Your smile could soon be improved for less thanks to a 3D dental printing innovation
It’s said that the eyes are the windows to the soul, but it is a person’s smile which people generally notice first, and a judgement on an individual’s personality is consciously or subconsciously formed in those fleeting initial seconds when someone smiles. In an image-conscious age of celebrity culture and social media, everybody wants a perfect gleaming smile. It has always been this way, and in 1955, the very first British television commercial was for toothpaste.
Everybody can recollect a time when they have visited the dentist. For some, it evokes memories of being told to lay back and open wide before the sound of a drill brings beads of sweat onto your brow, while for others it simply involved a lot of prodding and a reminder to brush twice a day.
Even if a patient brushes regularly and doesn’t have a penchant for sweet things, work might still need to be done on their teeth to give them that confidence-boosting smile. With more and more dentists using a 3D printing service, that work can now be achieved more quickly and at a lower cost, both in time and money.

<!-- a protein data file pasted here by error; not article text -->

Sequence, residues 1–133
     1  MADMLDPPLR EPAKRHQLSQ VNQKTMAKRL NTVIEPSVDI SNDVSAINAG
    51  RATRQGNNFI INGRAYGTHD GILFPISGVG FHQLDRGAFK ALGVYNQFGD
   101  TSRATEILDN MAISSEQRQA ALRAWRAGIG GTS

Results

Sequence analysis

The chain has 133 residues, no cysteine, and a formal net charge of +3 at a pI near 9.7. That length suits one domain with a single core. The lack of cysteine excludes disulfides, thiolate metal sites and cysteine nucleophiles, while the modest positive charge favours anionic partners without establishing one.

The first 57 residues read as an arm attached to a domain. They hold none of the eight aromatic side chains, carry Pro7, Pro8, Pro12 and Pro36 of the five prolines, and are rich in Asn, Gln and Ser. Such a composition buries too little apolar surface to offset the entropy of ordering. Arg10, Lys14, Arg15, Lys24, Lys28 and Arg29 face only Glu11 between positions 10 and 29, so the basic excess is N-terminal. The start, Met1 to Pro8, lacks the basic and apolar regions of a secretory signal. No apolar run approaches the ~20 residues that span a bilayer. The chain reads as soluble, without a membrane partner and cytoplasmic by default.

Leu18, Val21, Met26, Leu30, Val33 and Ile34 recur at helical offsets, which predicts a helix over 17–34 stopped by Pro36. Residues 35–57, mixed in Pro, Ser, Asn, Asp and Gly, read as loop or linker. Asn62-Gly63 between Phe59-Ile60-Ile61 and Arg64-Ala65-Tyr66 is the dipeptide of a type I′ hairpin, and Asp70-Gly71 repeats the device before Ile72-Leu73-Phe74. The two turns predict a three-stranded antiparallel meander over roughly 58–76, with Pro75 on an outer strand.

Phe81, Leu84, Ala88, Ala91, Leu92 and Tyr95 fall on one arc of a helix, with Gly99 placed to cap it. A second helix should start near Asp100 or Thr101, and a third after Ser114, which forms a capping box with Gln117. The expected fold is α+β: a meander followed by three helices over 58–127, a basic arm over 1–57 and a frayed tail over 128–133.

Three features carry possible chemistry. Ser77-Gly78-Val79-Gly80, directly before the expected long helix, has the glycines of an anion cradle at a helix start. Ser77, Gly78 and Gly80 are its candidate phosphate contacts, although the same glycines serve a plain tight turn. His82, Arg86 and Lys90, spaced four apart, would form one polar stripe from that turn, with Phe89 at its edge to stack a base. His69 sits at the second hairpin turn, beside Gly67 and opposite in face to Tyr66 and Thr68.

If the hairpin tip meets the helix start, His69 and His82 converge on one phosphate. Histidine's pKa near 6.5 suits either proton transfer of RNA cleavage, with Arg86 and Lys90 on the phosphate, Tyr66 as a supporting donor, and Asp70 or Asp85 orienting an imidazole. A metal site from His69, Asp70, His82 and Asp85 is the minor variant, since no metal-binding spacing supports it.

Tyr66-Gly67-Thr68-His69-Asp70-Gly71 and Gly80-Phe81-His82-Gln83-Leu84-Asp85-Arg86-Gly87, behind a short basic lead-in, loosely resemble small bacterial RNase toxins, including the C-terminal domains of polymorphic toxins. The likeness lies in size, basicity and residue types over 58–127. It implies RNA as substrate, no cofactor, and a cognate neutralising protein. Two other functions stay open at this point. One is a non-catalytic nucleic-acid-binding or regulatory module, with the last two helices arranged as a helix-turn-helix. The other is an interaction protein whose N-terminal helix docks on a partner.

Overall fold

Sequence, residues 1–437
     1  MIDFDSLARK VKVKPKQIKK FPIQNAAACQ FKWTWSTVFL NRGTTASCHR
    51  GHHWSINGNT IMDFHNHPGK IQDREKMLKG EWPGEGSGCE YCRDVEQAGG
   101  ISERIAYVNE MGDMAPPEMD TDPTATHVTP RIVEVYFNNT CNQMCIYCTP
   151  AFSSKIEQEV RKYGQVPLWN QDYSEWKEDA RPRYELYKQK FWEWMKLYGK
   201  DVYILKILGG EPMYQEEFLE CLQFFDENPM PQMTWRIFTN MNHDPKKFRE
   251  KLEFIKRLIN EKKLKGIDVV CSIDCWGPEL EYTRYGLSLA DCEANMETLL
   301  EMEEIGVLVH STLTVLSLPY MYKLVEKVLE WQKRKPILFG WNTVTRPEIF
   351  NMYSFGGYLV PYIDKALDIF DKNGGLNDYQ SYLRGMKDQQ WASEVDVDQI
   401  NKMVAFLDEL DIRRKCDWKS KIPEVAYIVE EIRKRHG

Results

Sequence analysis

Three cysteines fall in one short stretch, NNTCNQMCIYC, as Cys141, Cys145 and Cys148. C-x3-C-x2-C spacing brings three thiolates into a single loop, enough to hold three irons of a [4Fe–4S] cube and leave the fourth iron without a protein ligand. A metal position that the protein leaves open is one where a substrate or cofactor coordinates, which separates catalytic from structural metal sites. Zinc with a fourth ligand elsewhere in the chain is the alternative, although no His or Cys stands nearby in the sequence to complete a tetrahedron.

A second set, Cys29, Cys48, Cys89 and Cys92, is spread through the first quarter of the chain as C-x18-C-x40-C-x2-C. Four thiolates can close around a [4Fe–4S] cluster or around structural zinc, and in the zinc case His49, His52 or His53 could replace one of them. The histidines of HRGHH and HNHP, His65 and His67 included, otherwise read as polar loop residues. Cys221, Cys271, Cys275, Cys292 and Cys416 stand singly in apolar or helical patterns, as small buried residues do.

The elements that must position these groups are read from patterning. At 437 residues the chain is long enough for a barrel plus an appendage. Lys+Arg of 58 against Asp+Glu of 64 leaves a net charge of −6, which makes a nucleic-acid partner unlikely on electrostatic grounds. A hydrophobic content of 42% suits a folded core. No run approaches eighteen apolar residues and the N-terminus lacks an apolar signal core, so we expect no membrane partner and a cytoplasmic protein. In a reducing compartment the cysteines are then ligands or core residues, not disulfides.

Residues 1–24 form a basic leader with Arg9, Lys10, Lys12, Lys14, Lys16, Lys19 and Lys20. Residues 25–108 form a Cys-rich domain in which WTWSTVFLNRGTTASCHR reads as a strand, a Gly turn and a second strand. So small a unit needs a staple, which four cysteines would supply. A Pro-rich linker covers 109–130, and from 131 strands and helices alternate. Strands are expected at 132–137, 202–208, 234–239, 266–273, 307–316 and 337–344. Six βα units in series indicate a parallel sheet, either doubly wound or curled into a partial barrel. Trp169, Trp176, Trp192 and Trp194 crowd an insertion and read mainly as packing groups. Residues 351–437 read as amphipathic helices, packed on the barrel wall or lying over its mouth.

Many young people have crooked teeth and it is a common sight to see them walking around with metal braces. Some people don’t mind wearing them, in the knowledge, it will make them look better as they grow older, but for others, during that self-conscious adolescent period, it is personally embarrassing.
However, those awkward days are coming to an end as a 3D printing service can now produce braces from a substance which is almost invisible. Furthermore, these braces can be replaced regularly as the teeth realign, in a simple procedure which can be carried out while the person waits.
This immediacy is one of the biggest attractions for dentists and patients alike, especially if a tooth is removed or has to be capped. The old sequence of events involved a visit to the dentist for the removal of a tooth or having it filed down in preparation for a crown. An impression is then taken off the gums which in turn, is used as a mould to create a model to be sent off to a laboratory which fashions a replacement or a cap to rebuild a tooth. Meanwhile, the patient goes home and walks around for several days with a gap in their smile, or unable to chew properly and finally, they return to the dentist to have the work completed.
It is becoming more common now for a dentist to either use a 3D printing bureau, or to have a 3D printer of their own, so they can produce the replacement tooth or cap immediately. All it involves is a 3D scan of a patient’s mouth, after which a 3D model of the tooth or teeth is generated by a commercial or private 3D printing service.
All the necessary work can be carried out in one visit, which is good news for people who don’t want to walk around with an embarrassing gap for a week, or for those who find a visit to the dentist a traumatic experience. This progress in dentistry should bring a happy smile to everyone’s face.